Long and triple jump


​Guideline review date: 28 October 2021​​

​​​​​​​​​​​​​​​​​​​​​​​​​​​​​​​​​​​​​​​​​​​​​​​​​​​​​​​​​​​​​​​​​​​​This guideline is provided to support schools in implementing the managing risks in school curriculum activities procedure.

The CARA planner (DOCX, 600KB) must be used for the specific school context in conjunction with this guideline considering additional risks, hazards and controls and including environmental, facility, equipment and student considerations

For activities beyond the scope of this guideline, complete a CARA record using the CARA generic template (DOCX, 488KB).

Activity scope

This guideline relates to student participation in long and/or triple jump as an activity to support curriculum delivery.

For activities conducted at a non-Department of Education venue, and/or when engaging external expertise, request written risk assessment advice and attach it to this CARA record.

For activities conducted off-site, schools must comply with the school excursions procedure.

For activities conducted as part of representative school sport programs, schools should consult with Queensland School Sport​.​

Medium risk
Long and/or triple jump activities involving jumping from a track into a pit.

Activity requirements

If any requirement cannot be met, the activity must not occur.

If any other safety recommendation cannot be met, modify the activity (or elements of it) and/or identify and use the hierarchy of controls​ to implement alternative control measures to meet or exceed the minimum safety standard.

Competition rules and procedures with additional or more stringent safety requirements take precedence.​


Parent consent (DOCX, 306KB) is required for all activities conducted off-site.


Principals make final supervision decisions for the activity. Sufficient adult supervision must be provided to manage the activity safely (including emergency situations).

For activities with students with a medical condition or disability that may impact on safety during the activity, consultation with parents is required prior to allocating supervision to determine the impact of students’ medical condition or disability on safety during the activity.

The number of adult supervisors required to fulfil emergency and supervision roles must consider the nature of the activity, students’ ages, abilities and specialised learning, access and/or health needs.

Before the activity, all adult supervisors:

  • must be familiar with the contents of the CARA record
  • must assess weather conditions prior to undertaking the activity, inspecting the intended location in order to identify variable risks, hazards and potential dangers.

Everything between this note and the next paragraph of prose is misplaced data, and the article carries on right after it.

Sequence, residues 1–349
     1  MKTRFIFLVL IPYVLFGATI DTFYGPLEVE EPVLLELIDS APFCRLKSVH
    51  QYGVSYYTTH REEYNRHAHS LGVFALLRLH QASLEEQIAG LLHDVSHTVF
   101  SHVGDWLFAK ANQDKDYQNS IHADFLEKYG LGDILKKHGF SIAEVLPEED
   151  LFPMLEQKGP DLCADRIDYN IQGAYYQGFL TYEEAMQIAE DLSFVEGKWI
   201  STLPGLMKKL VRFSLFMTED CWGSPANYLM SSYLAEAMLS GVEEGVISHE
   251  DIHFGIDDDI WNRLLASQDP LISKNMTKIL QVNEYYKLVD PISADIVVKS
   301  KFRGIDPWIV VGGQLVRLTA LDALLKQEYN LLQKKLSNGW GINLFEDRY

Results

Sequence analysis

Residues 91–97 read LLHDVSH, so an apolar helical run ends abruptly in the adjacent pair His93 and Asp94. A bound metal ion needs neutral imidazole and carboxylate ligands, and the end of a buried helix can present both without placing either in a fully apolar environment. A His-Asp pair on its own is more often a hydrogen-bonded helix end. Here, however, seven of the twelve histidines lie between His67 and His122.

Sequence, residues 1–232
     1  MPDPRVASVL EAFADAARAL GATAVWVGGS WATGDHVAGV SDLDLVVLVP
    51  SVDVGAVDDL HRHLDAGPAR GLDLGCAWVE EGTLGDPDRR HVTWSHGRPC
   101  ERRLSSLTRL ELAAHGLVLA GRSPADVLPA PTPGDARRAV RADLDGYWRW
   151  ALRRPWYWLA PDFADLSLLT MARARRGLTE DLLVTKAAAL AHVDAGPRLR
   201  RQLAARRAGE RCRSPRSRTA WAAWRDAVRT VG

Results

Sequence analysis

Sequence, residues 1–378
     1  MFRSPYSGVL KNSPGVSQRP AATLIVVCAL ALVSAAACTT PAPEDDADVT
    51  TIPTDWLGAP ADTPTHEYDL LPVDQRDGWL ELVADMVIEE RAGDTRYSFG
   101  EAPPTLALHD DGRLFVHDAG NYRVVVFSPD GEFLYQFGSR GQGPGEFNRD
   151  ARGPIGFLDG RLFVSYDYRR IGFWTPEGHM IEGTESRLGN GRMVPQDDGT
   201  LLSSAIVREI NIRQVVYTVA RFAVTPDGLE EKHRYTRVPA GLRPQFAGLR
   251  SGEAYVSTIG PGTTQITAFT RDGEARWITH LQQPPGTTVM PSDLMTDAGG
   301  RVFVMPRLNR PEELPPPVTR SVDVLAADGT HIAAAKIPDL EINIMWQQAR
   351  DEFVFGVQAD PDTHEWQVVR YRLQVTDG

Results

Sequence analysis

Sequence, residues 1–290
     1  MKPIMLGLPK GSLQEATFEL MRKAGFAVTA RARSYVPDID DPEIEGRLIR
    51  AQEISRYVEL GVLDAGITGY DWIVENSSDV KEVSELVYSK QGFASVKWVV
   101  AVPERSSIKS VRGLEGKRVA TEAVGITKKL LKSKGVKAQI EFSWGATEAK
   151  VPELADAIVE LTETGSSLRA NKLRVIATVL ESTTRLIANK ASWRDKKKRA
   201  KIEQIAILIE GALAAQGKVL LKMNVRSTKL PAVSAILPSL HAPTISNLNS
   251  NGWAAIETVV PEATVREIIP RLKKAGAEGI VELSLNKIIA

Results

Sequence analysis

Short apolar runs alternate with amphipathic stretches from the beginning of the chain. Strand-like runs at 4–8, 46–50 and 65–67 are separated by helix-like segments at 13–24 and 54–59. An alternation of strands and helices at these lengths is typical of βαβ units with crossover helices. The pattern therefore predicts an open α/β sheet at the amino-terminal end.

During the activity, all adult supervisors:

  • must be readily identifiable
  • must closely monitor students with health support needs
  • must closely supervise the approach, take-off and landing areas. Participants must not begin their run up until the landing area is clear
  • must regularly monitoring the landing pit condition, inspecting for foreign objects throughout the activity
  • must allow jumping in 1 direction only
  • must comply with control measures from the CARA record and adapt as hazards arise
  • must suspend the activity if the conditions become unfavourable (e.g. extreme temperatures, slippery run-up/take-off).

Supervisor qualifications

Principals make final decisions in determining supervisor capability (competence, relevance and currency) and are responsible for encouraging and enabling school-based activity supervisors to raise their qualifications to improve safety standards.

All adult supervisors must comply with the working with children authority – blue cards procedure and be able to identify, and respond to, risks or hazards that may emerge during the activity.

A registered teacher must be appointed to maintain overall responsibility for the activity.

At least 1 adult supervisor is required to be:

  • a registered teacher with competence (knowledge and skills) in teaching long and/or triple jump; or
  • an adult supervisor, working under the direct supervision of a registered teacher, with current Level 1 Community Athletics Coach accreditation from Athletics Australia (or equivalent).

Facilities and equipment

The qualified adult supervisor of the activity, in consultation with the principal, determines the requirements for facilities and equipment appropriate to the local context.

Location must be suitable for the activity being undertaken to ensure safe participation and that safety rules and procedures can be followed.

Landing pit must be:

  • ­at least 2.75 m wide and long enough for all participants to land safely
  • filled with sufficient soft sand to be level with the runway surface and absorb impact from landing and
  • ­free from foreign objects (e.g. rocks, sticks). Depolluted, where necessary.